Overall and sub-group analyses are reported in Table 3 and Figure 2 displays the forest plot for trials grouped by <4 or >4 h. Across all trials prolonged sitting with interruption resulted in a small non-significant increase in HR (WMD = 4 bpm, 95% CI: 0, 7, p = 0.02). Sensitivity analysis indicated that none of the trials unduly influenced the pooled estimate. Visual inspection of the funnel plot revealed asymmetry (Supplementary Figure 2), which was supported by the LFK index −2.78 of (major asymmetry). The trim and fill analysis decreased the WMD to 2 bpm (95% CI: 0, 5) (Supplementary Figure 2). Additionally, the heterogeneity was considerable (I2 = 73%, p < 0.001), which may be explained by variation in the strategy for interrupting prolonged sitting, age or biological sex differences, or prolonged sitting duration variation between studies.

TABLE 3
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Table 3. The effect of prolonged sitting with interruption on HR.

When the populations were grouped by age, there was a non-significant moderate increase in HR for those aged >40 years (WMD = 5 bpm, SMD = 0.56, p = 0.060) and a negligible change for those aged under <40 years (WMD = 1 bpm, SMD = 0.03, p = 0.717). For women, there was a moderate increase in HR (WMD =7 bpm, SMD = 0.69, p = 0.007) but non-significant change for men (p = 0.585) and mixed sex (p = 0.088). For populations without CMDs, there was a moderate increase in HR (WMD = 6 bpm, SMD = 0.60, p = 0.008), and, for populations with CMDs, there was a non-significant change (p = 1.000). When the sitting bout length was >4 h, there was a moderate increase in HR (WMD = 5 bpm, SMD = 0.48, p = 0.007), and when the bout was <4 h there was a small, non-significant (p = 1.000) change. Last, there was a moderate increase in HR for walking-based interruptions (WMD = 7 bpm, SMD = 0.70, p = 0.001), but non-significant changes for standing (p = 1.000) or other (p = 0.339) interruptions.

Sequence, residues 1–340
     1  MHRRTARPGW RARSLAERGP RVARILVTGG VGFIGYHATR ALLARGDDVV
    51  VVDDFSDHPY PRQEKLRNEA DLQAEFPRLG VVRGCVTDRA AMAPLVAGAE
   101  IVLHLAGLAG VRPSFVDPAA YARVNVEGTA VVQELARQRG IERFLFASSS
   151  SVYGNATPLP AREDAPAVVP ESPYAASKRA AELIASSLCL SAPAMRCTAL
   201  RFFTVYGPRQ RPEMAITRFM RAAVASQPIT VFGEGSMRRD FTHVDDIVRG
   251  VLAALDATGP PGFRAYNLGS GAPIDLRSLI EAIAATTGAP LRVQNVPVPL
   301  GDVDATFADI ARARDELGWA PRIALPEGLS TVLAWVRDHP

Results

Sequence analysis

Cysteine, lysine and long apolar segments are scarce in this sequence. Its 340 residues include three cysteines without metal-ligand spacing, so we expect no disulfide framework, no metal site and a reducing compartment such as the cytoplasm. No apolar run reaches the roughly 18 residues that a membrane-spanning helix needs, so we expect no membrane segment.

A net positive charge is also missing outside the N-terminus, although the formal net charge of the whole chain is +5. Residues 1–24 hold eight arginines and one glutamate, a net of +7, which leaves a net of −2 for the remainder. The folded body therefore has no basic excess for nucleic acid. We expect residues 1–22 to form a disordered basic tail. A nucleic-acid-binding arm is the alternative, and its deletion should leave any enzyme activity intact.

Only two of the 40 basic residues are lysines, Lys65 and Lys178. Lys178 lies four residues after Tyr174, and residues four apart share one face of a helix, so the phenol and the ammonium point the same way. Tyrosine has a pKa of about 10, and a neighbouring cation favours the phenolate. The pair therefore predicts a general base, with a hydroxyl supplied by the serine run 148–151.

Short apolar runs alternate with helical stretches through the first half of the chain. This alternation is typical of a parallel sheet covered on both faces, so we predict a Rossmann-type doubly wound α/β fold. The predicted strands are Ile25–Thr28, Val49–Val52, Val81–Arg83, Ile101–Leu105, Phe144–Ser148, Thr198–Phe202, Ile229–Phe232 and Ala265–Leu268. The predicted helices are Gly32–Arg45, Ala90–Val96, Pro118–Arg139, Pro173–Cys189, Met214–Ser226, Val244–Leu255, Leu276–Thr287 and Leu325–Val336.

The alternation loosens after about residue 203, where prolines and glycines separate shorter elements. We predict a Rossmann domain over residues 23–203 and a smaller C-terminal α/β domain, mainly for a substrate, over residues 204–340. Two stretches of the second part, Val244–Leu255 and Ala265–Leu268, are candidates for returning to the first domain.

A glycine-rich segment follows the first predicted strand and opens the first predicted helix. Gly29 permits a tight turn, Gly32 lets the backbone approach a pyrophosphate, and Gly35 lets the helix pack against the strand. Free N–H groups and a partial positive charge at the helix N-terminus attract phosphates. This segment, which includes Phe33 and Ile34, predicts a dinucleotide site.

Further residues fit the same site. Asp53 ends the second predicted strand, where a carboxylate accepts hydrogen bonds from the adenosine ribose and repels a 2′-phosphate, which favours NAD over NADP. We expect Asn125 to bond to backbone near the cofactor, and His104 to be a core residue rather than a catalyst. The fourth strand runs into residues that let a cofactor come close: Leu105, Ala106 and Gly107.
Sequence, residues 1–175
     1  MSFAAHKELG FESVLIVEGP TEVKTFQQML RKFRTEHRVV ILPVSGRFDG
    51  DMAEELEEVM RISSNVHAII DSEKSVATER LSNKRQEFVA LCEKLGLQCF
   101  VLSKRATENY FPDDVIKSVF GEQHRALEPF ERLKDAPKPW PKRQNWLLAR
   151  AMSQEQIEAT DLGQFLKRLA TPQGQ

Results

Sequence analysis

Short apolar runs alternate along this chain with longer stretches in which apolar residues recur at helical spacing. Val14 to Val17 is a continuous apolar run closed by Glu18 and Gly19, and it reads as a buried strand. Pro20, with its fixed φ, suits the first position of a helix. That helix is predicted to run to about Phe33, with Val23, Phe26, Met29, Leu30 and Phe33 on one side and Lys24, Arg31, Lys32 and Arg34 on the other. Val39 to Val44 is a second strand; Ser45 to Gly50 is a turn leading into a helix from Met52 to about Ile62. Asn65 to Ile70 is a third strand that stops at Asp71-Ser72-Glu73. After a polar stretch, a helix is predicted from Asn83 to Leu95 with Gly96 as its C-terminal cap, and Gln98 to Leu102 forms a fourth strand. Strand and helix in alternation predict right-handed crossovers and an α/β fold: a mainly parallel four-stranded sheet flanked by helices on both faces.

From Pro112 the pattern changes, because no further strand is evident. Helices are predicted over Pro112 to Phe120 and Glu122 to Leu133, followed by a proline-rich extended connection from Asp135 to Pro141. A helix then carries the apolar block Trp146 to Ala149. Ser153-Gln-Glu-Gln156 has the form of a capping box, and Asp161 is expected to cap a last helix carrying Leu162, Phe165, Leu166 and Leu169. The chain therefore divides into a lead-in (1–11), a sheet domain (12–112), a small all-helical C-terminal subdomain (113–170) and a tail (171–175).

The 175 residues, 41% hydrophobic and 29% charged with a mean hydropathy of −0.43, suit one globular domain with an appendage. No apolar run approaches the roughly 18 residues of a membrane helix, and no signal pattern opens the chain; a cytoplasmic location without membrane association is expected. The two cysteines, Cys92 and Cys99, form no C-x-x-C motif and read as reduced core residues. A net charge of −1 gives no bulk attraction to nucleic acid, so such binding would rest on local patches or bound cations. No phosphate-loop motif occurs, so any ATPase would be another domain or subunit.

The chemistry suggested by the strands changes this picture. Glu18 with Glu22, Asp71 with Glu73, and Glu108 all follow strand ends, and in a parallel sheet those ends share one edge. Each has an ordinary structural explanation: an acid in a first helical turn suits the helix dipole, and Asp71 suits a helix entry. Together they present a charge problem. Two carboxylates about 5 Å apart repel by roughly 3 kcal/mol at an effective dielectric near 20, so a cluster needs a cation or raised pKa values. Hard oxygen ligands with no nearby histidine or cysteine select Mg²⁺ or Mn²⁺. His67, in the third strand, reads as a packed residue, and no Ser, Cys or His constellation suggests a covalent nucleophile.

Prolonged Sitting: Heart Rate Variability

Overall and sub-group analyses are reported in Table 4 and Figure 3 displays the forest plot for trails grouped by HRV outcome type. Prolonged sitting resulted in a trivial, non-significant change in HRV of SMD = 0.12 with p = 0.228. Sensitivity analysis indicated that none of the trials unduly influenced the pooled estimate. Visual inspection of the funnel plot did not reveal asymmetry, which was confirmed by the LFK index of 0.52. The was moderate heterogeneity (I2 = 50%, p < 0.001), which was potentially explained by the differences in biological sex differences or the use of different HRV outcomes. When the populations were grouped by sex for sub-group analysis, there were negligible-small, non-significant changes in HRV for men (SMD = 0.27, p = 0.287) and mixed-sex (SMD = 0.06, p = 0.388). When the trials were grouped by HRV outcome type, there were negligible-small and non-significant changes for out outcomes (SMD = 0.06–0.38, p = 0.076–1.000).

TABLE 4
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Table 4. The effect of prolonged sitting on HRV.

FIGURE 3
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Figure 3. The effect of prolonged sitting on heart rate variability by outcome measure. a/b, multiple trials within the same study; SDNN, standard deviation of NN intervals; RMSSD, root mean of successive difference; HF, high frequency; LF, low frequency; HF/LF, high frequency/low frequency ratio; TV, total variance; WMD, weighted mean difference; CI, confidence interval.

We attempted to account multiple HRV estimates (RMSSD, SDNN, HF, LF, HF/LF, TV) within a single trial by using two approaches: (i) sub-group analysis by HRV estimate (e.g., a given study may include both RMSSD and HF) as reported in the previous paragraph; and (ii) a multi-level meta-analysis model. The findings were consistent when we examined the data with the multi-level model, which revelated that all the heterogeneity was at level 1, suggesting our first approach was robust.